Plaintiff-appellant Bulmer was an employee of South Central Bell in Louisiana and, apparently motivated by her husband's transfer to Atlanta in his employment, communicated with defendant-appellee Southern Bell regarding an intercompany transfer to a position with appellee in Atlanta. Apparently believing that she would be employed by appellee in Atlanta at a certain position, appellant took leave from her employment in Louisiana, sold her house there and moved to Atlanta. When she arrived, she was not employed by appellee at the position and salary she had anticipated, but at a lesser and lower salaried position at a later date.
Appellant instituted this action alleging in count l breach of contract of employment, and in counts 2, 3 and 4 breach of a specific duty "flowing from relations between the parties created by the contract described above . . . to refrain from a course of conduct which would reasonably induce plaintiff to believe she had employment in Atlanta . . . so as to cause plaintiff to resign her job in Louisiana and move to Atlanta," resulting in "wounded feelings"; negligent breach of a duty "to handle her transfer (or attempted transfer) properly and prudently after having agreed to undertake the handling of the transfer (or attempted transfer)"; and "aggravating circumstances" for which punitive damages were demanded.
Appellee's motions to dismiss counts 2, 3 and 4, the allegations of tortious conduct, for failure to state claims upon which relief may be granted, were granted by the trial court. Eleven months later, after discovery, appellee was granted summary judgment on count l, the alleged breach of contract, from which order this appeal is taken. In this court, appellant concedes that the contract alleged in count l is unenforceable and does not contest the validity of the grant of summary judgment thereon, only the dismissal of the three counts in tort. Held:
As the appeal enumerates as error dismissal of the tort counts for failing to state a cause of action, we need consider only the allegations of appellant's complaint.
Although appellant contends that the duty owed to her by appellee is a common law duty and exists independently of any contract, she ambiguously alleges breaches of specific duties "flowing from relations between parties created by the contract described above," and an agreement "to undertake the handling of the transfer (or attempted transfer)."
Absent a special relationship, no action for breach of a duty arising from a contract exists independent of the contract. "There are certain classes of contracts that create a relation from which the law implies duties a breach of which will constitute a tort, and 'in such cases an injured party may sue either for breach of the contract, or in tort' for breach of the implied duty. This rule applies in certain contractual relations between principal and agent, bailor and bailee, attorney and client, physician and patient, carrier and passenger or shipper, master and servant, and similar well-recognized relations; but it is not every contractual relation which involves a public duty the breach of which will support an action in tort." Manley v. Exposition Cotton Mills, 47 Ga. App. 496, 497 (170 SE 711).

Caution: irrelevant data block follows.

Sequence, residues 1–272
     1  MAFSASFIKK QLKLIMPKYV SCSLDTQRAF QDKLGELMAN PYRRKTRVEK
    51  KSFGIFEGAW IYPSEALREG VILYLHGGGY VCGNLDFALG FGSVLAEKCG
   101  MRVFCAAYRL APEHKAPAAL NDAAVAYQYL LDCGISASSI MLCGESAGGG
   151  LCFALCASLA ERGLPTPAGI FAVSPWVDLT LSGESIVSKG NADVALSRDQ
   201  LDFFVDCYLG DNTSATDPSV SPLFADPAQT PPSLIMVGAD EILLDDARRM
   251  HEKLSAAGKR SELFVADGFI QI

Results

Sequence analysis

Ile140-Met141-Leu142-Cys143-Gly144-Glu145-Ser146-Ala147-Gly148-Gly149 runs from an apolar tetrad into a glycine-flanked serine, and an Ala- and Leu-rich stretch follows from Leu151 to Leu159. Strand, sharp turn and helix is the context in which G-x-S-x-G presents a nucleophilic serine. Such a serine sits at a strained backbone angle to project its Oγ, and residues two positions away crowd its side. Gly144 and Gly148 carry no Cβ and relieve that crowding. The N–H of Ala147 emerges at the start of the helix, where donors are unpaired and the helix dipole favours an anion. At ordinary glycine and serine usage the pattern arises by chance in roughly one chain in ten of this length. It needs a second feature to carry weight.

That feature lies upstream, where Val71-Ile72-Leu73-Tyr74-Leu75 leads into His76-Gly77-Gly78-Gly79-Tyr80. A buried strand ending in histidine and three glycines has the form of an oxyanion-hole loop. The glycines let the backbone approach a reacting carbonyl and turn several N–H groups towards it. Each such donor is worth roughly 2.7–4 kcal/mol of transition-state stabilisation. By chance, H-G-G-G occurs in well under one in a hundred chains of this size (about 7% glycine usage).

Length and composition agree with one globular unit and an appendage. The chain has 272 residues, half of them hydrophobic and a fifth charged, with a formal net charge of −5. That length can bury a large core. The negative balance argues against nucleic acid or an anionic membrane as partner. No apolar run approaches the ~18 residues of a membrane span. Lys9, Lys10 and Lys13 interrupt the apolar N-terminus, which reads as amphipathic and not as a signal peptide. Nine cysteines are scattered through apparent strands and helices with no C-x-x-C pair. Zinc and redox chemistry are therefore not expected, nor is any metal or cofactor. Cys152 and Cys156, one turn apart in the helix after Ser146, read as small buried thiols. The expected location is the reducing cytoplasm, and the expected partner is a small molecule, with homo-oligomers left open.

" '[I]n order to maintain an action ex delicto because of a breach of duty growing out of a contractual relation the breach must be shown to have been a breach of a duty imposed by law and not merely the breach of a duty imposed by the contract itself. [Cits.] This is consistent with the definition of a tort set forth in Code 105-101. "Duty imposed by law" as used in this context means, of course, either a duty imposed by a valid statutory enactment of the legislature or a duty imposed by a recognized common law principle declared in the reported decisions of the appellate courts . . .' " Sutker v. Pa. Ins. Co., 115 Ga. App. 648
, 651 (155 SE2d 694
" ' "Generally, a mere breach of a valid contract amounting to no more than a failure to perform in accordance with its term does not constitute a tort or authorize the aggrieved party to elect whether he will proceed ex contractu or ex delicto. [Cits.]" Even where it is shown that the defendant's failure to perform resulted in great annoyance or hardship to the plaintiff, recovery in tort is available only if the . . . contract is within those "certain classes of contracts that create a relation from which the law implies duties a breach of which will constitute a tort . . ." ' [Cits.]" Tate v. Aetna Cas. &c. Co., 149 Ga. App. 123
, 124 (253 SE2d 775
Nothing is alleged to show there was any such special relationship between appellant as an applicant for employment and appellee as a prospective employer. Indeed, appellant's counsel conceded in oral argument to the trial court that there was no special relationship and appellant admitted as much in her deposition.
There is no valid contract in existence in this case, and absent such there can be no liability in tort for breach of an invalid or nonexistent contract. Mauldin v. Sheffer, 113 Ga. App. 874
, 877 (150 SE2d 150
Lawrence E. Gill, Vincent L. Sgrosso, Martin T. Walsh, for appellee.